Maggie Gyllenhaal’s directorial debut has laughs, drama, and motherhood.
Olivia Colman shines in Maggie Gyllenhaal’s directorial debut of the film version of the book “The Lost Daughter.” She plays Leda Caruso, an English professor from Cambridge, Boston, who travels to Greece on holiday, and sees a mother and little girl, both of whom remind her of when she was a young mother with two girls.
Here’s why I can’t give this a four-star rating. There are a few scenes in the beginning when little girls cry loudly. Part of my autism is that I don’t like loud noises. It all depends on what kind of noise it is. I know kids cry in real life, but I still have dog ears. Even a supporting character wants to leave an area where a child is bawling. But did that stop me from liking “The Lost Daughter?” I think not.
It tickles you when Leda adapts to her apartment room, when she finds moldy fruit, and a big bug sleeping on a pillow and leaving a mark. Ed Harris is also cast as the caretaker, who’s happy to accommodate her.
It also reels you in when she’s reminded of her past, when her two daughters drive her crazy up to the point of her breaking a glass door and attacking one of her girls for leaving marks on her mother’s doll, and then throwing it out the window. Jessie Buckley is also marvelous as the Leda in her twenties. She’s frazzled with balancing her work with motherhood.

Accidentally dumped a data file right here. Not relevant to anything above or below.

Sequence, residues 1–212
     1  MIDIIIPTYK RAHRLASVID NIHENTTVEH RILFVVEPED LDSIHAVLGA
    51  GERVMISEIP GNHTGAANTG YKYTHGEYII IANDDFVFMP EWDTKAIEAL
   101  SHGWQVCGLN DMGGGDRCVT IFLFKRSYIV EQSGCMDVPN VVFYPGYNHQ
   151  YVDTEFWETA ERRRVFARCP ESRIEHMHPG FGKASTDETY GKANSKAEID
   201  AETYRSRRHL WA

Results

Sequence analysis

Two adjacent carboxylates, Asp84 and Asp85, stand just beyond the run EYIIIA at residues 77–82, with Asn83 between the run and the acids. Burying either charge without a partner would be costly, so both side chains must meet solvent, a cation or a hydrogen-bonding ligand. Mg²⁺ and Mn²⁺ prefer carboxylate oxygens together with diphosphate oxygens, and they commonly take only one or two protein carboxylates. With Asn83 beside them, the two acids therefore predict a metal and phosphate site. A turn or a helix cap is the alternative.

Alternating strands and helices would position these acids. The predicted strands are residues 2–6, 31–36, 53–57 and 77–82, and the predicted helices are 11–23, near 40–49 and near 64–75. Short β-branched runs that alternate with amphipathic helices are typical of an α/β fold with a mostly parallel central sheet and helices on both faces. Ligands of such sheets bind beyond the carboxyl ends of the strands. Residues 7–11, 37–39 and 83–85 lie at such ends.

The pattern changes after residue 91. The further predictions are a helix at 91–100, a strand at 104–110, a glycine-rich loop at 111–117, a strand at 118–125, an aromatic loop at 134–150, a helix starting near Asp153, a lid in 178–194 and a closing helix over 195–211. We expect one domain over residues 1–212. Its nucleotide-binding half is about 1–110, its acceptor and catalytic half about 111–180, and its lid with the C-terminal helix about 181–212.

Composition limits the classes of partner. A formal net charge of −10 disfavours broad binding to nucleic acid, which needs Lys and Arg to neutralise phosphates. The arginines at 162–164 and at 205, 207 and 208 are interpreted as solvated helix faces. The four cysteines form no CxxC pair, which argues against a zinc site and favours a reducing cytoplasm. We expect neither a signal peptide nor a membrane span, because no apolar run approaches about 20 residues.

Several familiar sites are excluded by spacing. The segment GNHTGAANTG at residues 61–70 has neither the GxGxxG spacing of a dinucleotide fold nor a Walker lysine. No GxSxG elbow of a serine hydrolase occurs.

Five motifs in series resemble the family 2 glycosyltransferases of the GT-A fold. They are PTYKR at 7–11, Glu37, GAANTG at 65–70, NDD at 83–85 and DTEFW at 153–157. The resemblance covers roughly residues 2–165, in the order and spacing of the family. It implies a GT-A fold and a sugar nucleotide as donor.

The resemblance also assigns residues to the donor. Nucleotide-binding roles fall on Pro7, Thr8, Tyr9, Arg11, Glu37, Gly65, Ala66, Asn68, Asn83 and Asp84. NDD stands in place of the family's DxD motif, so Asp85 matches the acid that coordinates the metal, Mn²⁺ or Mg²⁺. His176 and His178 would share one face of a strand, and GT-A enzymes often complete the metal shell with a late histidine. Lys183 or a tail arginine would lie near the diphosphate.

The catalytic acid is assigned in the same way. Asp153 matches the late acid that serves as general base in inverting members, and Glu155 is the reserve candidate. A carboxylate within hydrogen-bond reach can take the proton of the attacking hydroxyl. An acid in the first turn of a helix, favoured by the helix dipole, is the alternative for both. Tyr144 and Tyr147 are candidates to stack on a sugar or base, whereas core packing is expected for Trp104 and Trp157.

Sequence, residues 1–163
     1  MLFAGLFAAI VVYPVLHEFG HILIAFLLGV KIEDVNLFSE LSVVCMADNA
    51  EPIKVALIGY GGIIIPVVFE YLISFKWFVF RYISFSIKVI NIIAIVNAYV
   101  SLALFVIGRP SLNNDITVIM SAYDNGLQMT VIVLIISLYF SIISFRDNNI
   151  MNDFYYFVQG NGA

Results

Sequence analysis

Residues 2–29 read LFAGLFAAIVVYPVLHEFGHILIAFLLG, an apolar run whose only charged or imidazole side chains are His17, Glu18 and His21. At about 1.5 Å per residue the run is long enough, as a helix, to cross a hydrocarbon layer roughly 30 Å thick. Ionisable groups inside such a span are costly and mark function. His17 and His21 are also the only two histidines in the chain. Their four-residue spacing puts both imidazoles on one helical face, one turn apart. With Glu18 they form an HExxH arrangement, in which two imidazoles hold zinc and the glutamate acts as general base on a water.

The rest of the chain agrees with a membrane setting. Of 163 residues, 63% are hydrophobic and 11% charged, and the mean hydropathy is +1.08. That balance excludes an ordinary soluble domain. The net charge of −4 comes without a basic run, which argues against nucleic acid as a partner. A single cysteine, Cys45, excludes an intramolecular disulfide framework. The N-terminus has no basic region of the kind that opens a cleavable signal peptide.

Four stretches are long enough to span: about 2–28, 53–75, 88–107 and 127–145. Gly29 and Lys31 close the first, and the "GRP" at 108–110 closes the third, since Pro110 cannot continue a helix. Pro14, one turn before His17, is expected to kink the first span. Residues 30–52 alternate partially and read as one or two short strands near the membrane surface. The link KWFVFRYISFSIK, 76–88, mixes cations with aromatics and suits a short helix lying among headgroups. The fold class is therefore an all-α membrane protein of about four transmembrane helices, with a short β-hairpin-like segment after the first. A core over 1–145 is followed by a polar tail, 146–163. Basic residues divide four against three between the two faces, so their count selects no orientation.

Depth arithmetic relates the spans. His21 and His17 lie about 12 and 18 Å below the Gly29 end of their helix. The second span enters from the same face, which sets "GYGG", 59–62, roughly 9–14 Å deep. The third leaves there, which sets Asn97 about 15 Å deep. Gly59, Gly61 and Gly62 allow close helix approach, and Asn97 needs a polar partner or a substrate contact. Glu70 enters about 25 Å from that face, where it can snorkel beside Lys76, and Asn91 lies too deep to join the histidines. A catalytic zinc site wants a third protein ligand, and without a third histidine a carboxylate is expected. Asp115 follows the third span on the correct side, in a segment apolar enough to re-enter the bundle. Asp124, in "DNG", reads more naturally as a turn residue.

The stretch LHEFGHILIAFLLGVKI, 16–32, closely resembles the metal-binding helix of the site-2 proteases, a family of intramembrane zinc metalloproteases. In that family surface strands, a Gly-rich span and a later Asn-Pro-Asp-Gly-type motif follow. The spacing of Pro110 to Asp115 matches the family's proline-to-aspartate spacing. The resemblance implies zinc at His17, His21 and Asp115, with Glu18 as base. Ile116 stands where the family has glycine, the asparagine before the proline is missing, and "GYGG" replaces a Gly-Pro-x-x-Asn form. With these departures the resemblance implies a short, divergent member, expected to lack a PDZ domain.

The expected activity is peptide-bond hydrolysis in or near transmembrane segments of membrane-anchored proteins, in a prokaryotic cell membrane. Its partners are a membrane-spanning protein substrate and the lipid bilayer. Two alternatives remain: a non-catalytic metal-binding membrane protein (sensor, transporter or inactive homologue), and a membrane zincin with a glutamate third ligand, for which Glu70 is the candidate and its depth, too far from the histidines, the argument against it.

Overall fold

She still finds the joy and serenity of being a mother, but she also has to make choices. She has a romantic fling with a big shot scholar (Peter Sarsgaard, Gyllenhaal’s husband), and has to leave her two kids for work for a few years.
The mother Leda is interested in is Nina (Dakota Johnson), whose little girl goes missing on the beach she’s relaxing at. Leda finds her, and now, Nina’s tribe is looking for her beloved doll, which ends up in Leda’s possession. It’s like she wants to replicate her mother’s broken doll, and we also see her cleaning it. This is when things get really interesting.
“The Lost Daughter,” released by Netflix, is a psychodrama that keeps you involved and pondering on what Leda’s ambitions and intentions are. She starts off relaxing and ends up caught in a trip down memory lane that starts to set things out of motion. Gyllenhaal directs and writes the screenplay with a certain kind of poignant ease, which takes its time in allowing us to get to know the main woman and acknowledging her life.
Colman shines in the ways she transcends her emotions, and I’ve already mentioned how well Buckley is as her younger self. Paul Mescal has a fine supporting role as an Irish student, whom Leda talks to, while Johnson, Sarsgaard, and Harris all keep their respective attitudes in balance.
Again, I didn’t like the loud crying scenes in the beginning, but I’m glad they stopped as the film kept going. It’s how Gyllenhaal directs and how she guides Colman and Buckley, which make “The Lost Daughter” entertaining and challenging. You’ll be able to process what’s going on in Leda’s mind as soon as the story unfolds.
Now Playing in Select Theaters
Streaming on Netflix December 29